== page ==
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Oil rig. (Kevin Van Paassen/The Globe and Mail/Kevin Van Paassen/The Globe and Mail)

Oil rig.

(Kevin Van Paassen/The Globe and Mail/Kevin Van Paassen/The Globe and Mail)

Economy Lab

How all Canadians benefit from Alberta's oil wealth Add to ...

The recent exchange between the premiers of Ontario and Alberta on the question of oil prices and the exchange rate raises an interesting question: if the government of Alberta chose to manage its natural resources in the best interests of Canadians outside Alberta, what would it do differently?

Alberta’s petroleum reserves constitute a huge store of wealth for its residents, akin to a winning lottery ticket. As everyone knows – or should know – the smart thing to do with a winning lottery ticket is to put the proceeds in the bank and to base spending on the investment income it generates, and not on the windfall itself. This is roughly the approach taken by Norway: much of its oil revenues are invested in a sovereign wealth fund whose purpose is to provide a flow of income to future generations of Norwegians after its oil reserves run out.

Alberta has chosen not to pursue a policy of maximizing and saving resource rents. If it had, the pace of development would have been much slower: higher royalty rates would have added to the costs of producing oil. And if an Alberta wealth fund invested a significant portion of its holdings outside Canada, this outflow of capital would at least partly offset the upward pressures on the Canadian dollar.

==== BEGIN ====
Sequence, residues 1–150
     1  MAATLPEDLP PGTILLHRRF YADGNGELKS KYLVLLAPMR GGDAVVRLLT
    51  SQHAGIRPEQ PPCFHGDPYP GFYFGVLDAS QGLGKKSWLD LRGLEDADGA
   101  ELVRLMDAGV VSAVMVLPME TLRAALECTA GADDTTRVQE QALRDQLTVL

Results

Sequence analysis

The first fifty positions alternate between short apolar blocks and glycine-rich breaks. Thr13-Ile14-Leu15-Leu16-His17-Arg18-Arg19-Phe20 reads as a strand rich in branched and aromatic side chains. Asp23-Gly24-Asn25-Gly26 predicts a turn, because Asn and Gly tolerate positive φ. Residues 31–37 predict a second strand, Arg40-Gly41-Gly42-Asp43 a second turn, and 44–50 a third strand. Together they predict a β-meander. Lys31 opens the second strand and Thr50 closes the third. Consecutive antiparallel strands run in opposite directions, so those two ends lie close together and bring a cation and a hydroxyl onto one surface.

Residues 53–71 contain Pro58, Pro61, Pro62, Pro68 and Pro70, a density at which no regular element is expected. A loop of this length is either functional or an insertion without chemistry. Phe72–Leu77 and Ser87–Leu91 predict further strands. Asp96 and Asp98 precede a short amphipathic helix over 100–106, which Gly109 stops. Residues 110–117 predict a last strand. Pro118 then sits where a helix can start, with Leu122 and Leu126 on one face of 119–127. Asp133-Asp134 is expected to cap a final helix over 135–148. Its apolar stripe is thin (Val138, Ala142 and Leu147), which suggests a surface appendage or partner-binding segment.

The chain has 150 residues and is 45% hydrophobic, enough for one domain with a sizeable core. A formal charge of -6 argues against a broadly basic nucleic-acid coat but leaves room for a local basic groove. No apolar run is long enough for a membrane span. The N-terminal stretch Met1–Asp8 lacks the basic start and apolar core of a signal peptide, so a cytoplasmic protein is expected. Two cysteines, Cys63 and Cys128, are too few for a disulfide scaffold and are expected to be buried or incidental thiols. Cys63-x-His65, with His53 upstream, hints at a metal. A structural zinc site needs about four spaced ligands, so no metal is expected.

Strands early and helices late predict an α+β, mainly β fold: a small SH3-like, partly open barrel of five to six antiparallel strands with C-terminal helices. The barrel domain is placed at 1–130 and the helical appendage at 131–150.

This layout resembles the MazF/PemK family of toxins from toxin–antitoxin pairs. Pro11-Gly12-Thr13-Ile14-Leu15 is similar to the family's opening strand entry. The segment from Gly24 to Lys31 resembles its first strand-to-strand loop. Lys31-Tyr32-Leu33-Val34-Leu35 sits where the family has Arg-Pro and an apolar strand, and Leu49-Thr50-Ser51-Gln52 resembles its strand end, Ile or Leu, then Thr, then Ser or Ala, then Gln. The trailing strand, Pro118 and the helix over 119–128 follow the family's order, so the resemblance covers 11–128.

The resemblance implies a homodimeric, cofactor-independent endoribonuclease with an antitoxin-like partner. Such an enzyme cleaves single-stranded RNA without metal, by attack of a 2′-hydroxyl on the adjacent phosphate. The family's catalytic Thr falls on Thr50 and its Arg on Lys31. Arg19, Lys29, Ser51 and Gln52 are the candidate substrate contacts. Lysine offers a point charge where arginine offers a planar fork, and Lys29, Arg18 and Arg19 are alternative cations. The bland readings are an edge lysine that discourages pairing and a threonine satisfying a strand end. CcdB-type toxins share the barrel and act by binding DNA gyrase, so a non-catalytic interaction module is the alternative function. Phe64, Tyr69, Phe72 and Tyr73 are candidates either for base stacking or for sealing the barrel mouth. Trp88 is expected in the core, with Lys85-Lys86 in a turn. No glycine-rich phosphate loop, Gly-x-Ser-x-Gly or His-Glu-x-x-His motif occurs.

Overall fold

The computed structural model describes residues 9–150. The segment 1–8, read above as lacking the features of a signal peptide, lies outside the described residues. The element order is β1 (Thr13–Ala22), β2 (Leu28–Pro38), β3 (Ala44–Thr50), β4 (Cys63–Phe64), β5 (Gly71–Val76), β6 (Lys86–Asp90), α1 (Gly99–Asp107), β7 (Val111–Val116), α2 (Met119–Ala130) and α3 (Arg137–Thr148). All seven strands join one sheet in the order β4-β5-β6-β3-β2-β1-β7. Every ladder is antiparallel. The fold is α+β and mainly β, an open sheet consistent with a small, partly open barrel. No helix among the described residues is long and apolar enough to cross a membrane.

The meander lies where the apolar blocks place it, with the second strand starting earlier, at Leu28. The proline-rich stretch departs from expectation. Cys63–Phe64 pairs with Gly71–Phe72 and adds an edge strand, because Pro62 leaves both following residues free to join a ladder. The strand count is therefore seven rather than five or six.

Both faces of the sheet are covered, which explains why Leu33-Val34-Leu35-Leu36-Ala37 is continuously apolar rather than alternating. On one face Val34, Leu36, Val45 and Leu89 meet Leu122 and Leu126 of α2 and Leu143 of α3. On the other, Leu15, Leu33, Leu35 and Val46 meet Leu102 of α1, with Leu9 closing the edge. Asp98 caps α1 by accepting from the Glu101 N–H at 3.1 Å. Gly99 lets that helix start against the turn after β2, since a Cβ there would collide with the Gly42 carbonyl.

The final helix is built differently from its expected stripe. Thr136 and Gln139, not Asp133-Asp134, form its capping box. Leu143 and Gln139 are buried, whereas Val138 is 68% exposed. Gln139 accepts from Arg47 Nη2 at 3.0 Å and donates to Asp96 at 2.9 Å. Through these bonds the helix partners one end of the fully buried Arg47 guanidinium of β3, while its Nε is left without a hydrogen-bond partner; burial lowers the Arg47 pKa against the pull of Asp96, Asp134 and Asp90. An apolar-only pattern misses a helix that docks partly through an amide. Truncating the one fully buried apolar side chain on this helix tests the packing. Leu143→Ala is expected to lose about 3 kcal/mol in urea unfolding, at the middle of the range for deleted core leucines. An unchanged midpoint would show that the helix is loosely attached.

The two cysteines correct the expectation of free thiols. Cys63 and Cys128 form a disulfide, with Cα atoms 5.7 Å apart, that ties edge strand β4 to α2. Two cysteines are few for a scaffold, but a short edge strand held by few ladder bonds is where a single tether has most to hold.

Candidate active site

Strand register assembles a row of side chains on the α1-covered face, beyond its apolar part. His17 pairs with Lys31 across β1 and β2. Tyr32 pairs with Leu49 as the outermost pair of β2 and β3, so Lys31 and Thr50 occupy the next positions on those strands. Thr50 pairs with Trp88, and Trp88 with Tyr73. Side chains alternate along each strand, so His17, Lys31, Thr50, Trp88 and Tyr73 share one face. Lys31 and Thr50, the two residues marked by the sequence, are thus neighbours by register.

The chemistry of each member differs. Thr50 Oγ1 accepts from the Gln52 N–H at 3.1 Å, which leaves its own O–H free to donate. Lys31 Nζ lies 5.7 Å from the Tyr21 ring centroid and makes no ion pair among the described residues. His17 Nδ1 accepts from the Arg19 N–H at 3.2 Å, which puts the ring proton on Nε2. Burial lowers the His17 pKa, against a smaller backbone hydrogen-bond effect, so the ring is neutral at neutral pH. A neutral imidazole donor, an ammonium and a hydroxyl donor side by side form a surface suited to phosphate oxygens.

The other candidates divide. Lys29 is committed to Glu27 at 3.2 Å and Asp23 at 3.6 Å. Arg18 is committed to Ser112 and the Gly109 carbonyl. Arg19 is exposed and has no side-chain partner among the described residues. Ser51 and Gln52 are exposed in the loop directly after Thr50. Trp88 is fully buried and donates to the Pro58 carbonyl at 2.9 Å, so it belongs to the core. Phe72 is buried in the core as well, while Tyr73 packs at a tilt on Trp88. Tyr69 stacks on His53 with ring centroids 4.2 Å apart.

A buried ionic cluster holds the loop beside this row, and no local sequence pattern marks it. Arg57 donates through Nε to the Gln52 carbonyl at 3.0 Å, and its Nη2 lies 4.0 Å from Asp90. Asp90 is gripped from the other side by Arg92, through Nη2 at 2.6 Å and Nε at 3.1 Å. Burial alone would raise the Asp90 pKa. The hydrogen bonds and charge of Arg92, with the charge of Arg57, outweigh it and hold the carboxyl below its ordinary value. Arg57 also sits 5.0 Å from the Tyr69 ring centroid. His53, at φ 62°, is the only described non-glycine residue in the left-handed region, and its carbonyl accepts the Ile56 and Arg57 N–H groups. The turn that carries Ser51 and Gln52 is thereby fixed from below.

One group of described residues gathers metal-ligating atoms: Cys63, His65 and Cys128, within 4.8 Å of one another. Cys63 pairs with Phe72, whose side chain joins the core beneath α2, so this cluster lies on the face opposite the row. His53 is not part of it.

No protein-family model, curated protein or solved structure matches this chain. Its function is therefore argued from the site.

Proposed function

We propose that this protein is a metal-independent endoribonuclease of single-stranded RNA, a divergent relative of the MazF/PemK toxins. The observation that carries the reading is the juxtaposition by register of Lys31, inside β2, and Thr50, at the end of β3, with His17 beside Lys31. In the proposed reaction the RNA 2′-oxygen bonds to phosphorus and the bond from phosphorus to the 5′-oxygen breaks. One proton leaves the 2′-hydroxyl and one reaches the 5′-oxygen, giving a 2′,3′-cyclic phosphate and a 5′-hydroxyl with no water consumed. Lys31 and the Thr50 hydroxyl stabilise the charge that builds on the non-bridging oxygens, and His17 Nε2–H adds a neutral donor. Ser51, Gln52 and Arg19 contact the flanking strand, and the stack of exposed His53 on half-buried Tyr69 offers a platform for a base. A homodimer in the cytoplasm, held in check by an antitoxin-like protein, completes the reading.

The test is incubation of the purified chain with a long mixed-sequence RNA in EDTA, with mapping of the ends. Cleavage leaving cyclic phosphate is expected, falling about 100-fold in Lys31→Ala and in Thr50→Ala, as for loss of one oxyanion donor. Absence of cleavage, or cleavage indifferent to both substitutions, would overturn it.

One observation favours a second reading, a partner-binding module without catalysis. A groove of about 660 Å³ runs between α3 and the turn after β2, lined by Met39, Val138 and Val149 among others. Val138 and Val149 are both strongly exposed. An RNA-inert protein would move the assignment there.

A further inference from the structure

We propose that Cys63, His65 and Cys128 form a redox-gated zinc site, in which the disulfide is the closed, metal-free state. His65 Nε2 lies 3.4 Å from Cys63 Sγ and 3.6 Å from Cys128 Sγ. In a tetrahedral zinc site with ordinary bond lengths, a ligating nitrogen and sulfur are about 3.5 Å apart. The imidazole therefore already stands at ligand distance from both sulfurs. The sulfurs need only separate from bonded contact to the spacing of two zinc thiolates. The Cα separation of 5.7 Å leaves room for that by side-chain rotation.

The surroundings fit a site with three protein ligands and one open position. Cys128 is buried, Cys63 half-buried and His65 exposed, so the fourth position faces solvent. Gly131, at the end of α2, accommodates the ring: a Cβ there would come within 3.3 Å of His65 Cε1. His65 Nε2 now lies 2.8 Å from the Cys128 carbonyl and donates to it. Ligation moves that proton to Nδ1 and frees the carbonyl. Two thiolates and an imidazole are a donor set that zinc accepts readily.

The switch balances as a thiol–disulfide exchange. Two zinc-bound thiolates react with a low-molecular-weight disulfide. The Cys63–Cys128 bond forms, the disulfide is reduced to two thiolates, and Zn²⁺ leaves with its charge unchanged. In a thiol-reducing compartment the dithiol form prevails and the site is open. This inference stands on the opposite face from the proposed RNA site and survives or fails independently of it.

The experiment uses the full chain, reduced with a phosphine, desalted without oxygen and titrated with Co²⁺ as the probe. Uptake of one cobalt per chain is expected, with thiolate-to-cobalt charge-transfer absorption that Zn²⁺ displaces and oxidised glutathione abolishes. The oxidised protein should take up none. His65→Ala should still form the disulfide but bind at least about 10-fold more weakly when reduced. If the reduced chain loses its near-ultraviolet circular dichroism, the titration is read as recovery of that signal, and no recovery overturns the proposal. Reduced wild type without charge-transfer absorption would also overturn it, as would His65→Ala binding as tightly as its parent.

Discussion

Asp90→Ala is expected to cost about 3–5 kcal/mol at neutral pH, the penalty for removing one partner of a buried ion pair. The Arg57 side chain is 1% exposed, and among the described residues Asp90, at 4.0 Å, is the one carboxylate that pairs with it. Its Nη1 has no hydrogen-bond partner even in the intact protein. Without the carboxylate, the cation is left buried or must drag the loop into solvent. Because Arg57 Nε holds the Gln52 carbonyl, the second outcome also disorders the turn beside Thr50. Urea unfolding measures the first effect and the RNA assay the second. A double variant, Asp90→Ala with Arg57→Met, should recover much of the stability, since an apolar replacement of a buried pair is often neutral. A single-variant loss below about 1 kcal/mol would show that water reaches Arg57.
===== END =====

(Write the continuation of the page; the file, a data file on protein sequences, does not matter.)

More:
It’s not hard to build a strong case that this is what the Alberta government should do. Probably the most powerful argument against is that pointed out by Maclean’s columnist Colby Cosh: “[I]’s not at all clear to me that it is smart for a non-sovereign jurisdiction that doesn’t control its borders to ‘save’ for a totally different future populace.” Norwegians can be fairly certain that their grandchildren will benefit from the revenue generated by their oil fund. Albertans cannot be so sure; the Alberta of the future will be largely populated by the grandchildren of people who don’t currently live there.

Alberta has essentially decided to dissipate its resource rents in the form of cost inflation, and one of the ways this shows up is in higher wages. (A slower pace of development would have kept wage growth in check.) But this effect is not only limited to Alberta, for the same reason Albertans can’t be sure that their grandchildren will benefit from an oil wealth fund: the free flow of workers across provinces. This mobility means that wages will be set at the national level, not by province or sector. As I noted here, the last resource boom increased wages across Canada – including in Ontario.

Non-Albertans who wish that the economic benefits of Alberta oil production were spread across Canada can stop wishing: it’s already happening.

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